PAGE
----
Bloating and constipation feel very uncomfortable. If fact, these issues can make you feel poorly all day.
On average, it takes anywhere from 10 hours to three days for food to move through your entire digestive system. But if you’re feeling a little sluggish or dealing with GI issues, it’s possible things have slowed down.
Bloating, an unsettled stomach, and feeling disproportionately full after eating small meals are some of the major signs that your gut could use some extra TLC.
How to Prevent Bloating and Constipation
So, how can you prevent bloating and constipation? Here’s what the experts advise.
1. Move your body.
Exercise is one of the best ways to get things moving. In an older, yet still relevant, study published in Gut, researchers reported that daily moderate exercise (in this case, cycling and jogging) may reduce gut transit time by as much as 30%.
But you don’t have to stick to these two modalities if they aren’t your thing. Here are some other types of exercise you can try:
• Go for a walk.
Basic movement, like walking, speeds up digestion by stimulating the muscles in your stomach and small intestine, helping move things along. Walking any time of the day is great, but a post-prandial stroll may be especially beneficial.
Research suggests that taking a 15-minute, leisurely walk right after eating can help move food through your stomach more quickly. The keyword here is leisurely, though. Going too hard can have the opposite effect.
• Try a yoga flow.
There are many yoga poses can help speed up your digestion. Committing to a simple 10-minute sequence each day can physically support digestive processes and encourage elimination. “Yoga is…a key factor in improving digestion, as twisting postures can help to enhance your digestion and encourage your liver and kidneys’ detoxification processes,” Lee Holmes, registered yoga teacher, gut expert, and author of Heal Your Gut, previously told mbg. “Yoga can also help with bloating, increasing the amount of oxygen to the area.”
Yoga can also indirectly speed up digestion by promoting relaxation. When you’re relaxed, your nervous system is in a parasympathetic state. This calming state, aptly nicknamed “rest and digest,” is critical for proper digestion.
2. Eat something to help.
Some foods, like refined carbohydrates (we’re looking at you, sugar) and anything fried, impede digestion, while others keep things moving as they should. Take a look at your plate and make sure these things are on it:
• Probiotic foods
Probiotic-rich foods, or fermented foods, are teeming with good bacteria that support your gut health. Research in Applied and Environmental Microbiology suggests that yogurt—one of the go-to probiotic foods—can speed up digestion, while also supporting the part of the immune system that lives in your gut known as the GALT.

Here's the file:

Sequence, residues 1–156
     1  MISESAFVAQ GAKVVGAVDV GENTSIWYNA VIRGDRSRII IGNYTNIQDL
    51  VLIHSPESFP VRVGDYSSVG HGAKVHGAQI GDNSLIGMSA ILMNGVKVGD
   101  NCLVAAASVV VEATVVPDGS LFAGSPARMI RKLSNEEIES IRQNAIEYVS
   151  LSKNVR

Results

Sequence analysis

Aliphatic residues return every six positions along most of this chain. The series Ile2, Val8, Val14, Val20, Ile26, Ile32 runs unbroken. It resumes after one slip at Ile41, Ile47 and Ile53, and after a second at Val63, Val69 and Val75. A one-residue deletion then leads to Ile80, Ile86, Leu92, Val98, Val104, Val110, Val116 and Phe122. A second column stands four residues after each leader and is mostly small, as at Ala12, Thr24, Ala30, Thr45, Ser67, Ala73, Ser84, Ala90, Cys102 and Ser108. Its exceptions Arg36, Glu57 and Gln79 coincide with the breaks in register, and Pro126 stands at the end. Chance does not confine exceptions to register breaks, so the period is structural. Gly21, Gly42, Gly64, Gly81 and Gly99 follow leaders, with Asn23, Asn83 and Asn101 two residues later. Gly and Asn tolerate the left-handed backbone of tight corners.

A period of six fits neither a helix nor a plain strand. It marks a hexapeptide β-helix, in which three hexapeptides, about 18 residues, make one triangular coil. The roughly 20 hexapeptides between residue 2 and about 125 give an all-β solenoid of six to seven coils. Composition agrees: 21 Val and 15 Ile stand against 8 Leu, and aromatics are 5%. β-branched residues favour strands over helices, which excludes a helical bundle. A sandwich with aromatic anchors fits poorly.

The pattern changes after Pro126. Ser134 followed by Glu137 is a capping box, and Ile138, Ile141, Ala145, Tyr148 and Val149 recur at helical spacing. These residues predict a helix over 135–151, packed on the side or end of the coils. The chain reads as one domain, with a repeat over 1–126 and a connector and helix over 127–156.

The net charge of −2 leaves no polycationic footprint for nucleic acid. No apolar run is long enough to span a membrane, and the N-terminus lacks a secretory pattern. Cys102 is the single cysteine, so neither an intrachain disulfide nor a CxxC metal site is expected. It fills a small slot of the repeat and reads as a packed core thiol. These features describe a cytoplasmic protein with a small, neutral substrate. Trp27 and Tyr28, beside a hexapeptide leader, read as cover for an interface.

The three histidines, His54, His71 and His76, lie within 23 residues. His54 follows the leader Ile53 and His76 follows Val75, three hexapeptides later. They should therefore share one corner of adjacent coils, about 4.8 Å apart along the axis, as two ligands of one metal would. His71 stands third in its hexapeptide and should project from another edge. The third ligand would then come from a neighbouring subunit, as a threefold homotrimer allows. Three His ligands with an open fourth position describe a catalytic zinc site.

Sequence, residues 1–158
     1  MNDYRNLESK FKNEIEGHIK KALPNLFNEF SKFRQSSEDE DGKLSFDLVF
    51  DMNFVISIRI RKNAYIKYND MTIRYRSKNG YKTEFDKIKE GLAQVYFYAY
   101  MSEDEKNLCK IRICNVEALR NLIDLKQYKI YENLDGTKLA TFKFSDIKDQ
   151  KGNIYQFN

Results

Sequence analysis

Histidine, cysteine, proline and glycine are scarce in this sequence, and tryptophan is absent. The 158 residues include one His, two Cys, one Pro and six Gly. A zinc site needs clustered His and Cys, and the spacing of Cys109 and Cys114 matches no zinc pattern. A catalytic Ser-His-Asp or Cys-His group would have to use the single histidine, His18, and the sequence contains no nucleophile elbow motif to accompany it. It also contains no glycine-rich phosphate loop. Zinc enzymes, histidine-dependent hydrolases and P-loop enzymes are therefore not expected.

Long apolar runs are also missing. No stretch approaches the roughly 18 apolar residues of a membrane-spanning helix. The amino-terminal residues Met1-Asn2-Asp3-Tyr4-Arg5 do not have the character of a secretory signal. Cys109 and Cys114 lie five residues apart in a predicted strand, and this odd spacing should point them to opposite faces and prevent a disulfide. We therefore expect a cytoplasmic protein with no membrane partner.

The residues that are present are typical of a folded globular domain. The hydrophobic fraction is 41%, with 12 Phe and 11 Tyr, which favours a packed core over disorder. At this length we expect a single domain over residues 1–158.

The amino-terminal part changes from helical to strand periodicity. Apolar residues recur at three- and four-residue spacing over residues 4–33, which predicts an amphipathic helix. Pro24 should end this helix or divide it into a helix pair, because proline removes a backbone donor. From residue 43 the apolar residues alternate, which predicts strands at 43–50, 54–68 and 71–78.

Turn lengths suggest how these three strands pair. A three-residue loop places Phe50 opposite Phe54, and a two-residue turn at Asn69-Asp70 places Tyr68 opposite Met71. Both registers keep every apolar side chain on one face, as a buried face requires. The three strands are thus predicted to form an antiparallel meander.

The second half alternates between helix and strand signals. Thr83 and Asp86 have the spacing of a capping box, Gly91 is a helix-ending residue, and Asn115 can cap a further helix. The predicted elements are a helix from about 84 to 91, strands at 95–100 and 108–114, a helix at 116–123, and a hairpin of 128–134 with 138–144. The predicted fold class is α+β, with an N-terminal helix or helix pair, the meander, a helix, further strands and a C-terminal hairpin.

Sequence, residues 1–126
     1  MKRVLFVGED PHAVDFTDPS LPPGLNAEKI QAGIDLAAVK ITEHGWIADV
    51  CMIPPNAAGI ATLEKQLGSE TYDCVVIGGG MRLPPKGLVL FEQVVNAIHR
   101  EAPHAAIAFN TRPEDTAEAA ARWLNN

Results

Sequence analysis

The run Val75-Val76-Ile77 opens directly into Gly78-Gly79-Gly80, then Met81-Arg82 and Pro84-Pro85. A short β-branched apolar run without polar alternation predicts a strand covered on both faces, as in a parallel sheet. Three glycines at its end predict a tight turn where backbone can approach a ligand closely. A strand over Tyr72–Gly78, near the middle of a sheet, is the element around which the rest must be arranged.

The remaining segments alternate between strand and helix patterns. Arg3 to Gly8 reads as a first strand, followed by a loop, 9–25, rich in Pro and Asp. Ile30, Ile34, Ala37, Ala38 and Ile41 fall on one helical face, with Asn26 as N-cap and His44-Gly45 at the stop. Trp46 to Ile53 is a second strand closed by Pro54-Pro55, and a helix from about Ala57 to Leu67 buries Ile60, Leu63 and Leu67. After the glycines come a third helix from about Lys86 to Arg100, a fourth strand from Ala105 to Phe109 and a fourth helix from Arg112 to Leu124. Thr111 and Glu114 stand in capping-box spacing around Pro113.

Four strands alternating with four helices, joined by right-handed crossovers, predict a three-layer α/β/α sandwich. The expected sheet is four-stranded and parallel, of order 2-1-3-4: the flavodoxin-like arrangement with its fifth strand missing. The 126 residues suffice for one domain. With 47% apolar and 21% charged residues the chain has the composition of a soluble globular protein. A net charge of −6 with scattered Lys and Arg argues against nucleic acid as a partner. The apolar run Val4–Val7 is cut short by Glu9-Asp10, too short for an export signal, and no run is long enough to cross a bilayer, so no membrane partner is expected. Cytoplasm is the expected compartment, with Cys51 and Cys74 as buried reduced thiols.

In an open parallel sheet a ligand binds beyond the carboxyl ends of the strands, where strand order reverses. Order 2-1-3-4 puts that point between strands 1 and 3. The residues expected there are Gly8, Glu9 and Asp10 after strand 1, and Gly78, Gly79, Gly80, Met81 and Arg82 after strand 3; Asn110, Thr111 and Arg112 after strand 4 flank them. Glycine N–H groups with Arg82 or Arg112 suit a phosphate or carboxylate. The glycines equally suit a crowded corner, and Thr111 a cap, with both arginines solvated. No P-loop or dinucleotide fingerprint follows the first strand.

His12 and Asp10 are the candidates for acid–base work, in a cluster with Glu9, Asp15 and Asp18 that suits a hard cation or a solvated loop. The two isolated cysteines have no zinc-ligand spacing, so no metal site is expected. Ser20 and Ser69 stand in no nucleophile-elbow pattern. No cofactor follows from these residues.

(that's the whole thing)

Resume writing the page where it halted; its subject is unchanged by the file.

If you don’t do dairy, or you just like options, you can, and should, also try kimchi, natto, kefir, pickled vegetables, miso, tempeh, and sauerkraut (FYI: Just 2 tablespoons of raw sauerkraut contain about 1 million units of of good bacteria).
• Fiber-rich foods
Fiber is another nonnegotiable for digestion. There are two main types—soluble and insoluble—and while you should get both for overall health, insoluble fiber is the star of the show when it comes to transit time.
“Insoluble fiber is not digested by the body or absorbed into the bloodstream,” Amy Shapiro, M.S., R.D., CDN, and founder of Real Nutrition previously told mbg. “Instead, it forms the weight and bulk of stools in the body, acting as a broom.” In other words, insoluble has more of a laxative effect, pulling water into the stool and pushing things out.
3. Get plenty of fluids
Failing to take in optimal amounts of hydration can affect digestion, so it’s impossible to keep things moving without drinking plenty of fluids. But that doesn’t mean an extra cup of coffee or a sugary lemonade. Stick to these beneficial liquids:
Water is the most essential nutrient you put into your body. It helps you digest your food and absorb nutrients, and then push the waste through your digestive system. Drinking enough water is a surefire way to support digestion, so make sure you’re getting what you need daily (9 cups for women and 12.5 cups for men is a good place to start).
• Herbal tea
Herbal teas can help nourish your gut, but certain varieties have benefits beyond that. Dandelion tea, for example, has been shown to stimulate muscle contractions and help push food through the digestive system, while fennel and senna teas have a stronger laxative-type effect.
• Bone broth
Bone broth is a double whammy for digestion. Not only does it keep your gut hydrated, but it also contains gelatin and gut-supporting minerals, electrolytes, and bioactives, like calcium, magnesium, phosphorus, chondroitin sulfate, and glucosamine.
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